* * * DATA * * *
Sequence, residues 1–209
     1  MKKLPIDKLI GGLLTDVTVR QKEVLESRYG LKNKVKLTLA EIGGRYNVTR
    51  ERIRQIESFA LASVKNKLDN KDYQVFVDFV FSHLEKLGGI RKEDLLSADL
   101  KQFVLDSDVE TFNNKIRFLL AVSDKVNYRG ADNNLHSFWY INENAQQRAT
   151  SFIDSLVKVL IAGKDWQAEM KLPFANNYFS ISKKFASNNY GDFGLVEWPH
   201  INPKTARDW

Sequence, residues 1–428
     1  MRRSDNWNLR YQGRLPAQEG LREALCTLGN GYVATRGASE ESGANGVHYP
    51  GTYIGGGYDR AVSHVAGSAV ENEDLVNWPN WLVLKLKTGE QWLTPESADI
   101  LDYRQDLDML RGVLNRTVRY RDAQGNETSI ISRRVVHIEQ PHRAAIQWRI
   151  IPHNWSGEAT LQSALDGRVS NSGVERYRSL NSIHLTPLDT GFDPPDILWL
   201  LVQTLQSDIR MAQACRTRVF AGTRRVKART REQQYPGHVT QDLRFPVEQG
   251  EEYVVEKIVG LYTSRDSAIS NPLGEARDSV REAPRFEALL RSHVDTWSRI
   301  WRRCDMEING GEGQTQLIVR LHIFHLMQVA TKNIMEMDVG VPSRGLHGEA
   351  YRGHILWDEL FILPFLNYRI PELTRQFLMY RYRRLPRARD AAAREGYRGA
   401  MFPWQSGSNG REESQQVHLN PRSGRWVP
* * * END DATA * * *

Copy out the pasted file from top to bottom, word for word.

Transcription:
Sequence, residues 1–209
     1  MKKLPIDKLI GGLLTDVTVR QKEVLESRYG LKNKVKLTLA EIGGRYNVTR
    51  ERIRQIESFA LASVKNKLDN KDYQVFVDFV FSHLEKLGGI RKEDLLSADL
   101  KQFVLDSDVE TFNNKIRFLL AVSDKVNYRG ADNNLHSFWY INENAQQRAT
   151  SFIDSLVKVL IAGKDWQAEM KLPFANNYFS ISKKFASNNY GDFGLVEWPH
   201  INPKTARDW

Sequence, residues 1–428
     1  MRRSDNWNLR YQGRLPAQEG LREALCTLGN GYVATRGASE ESGANGVHYP
    51  GTYIGGGYDR AVSHVAGSAV ENEDLVNWPN WLVLKLKTGE QWLTPESADI
   101  LDYRQDLDML RGVLNRTVRY RDAQGNETSI ISRRVVHIEQ PHRAAIQWRI
   151  IPHNWSGEAT LQSALDGRVS NSGVERYRSL NSIHLTPLDT GFDPPDILWL
   201  LVQTLQSDIR MAQACRTRVF AGTRRVKART REQQYPGHVT QDLRFPVEQG
   251  EEYVVEKIVG LYTSRDSAIS NPLGEARDSV REAPRFEALL RSHVDTWSRI
   301  WRRCDMEING GEGQTQLIVR LHIFHLMQVA TKNIMEMDVG VPSRGLHGEA
   351  YRGHILWDEL FILPFLNYRI PELTRQFLMY RYRRLPRARD AAAREGYRGA
   401  MFPWQSGSNG REESQQVHLN PRSGRWVP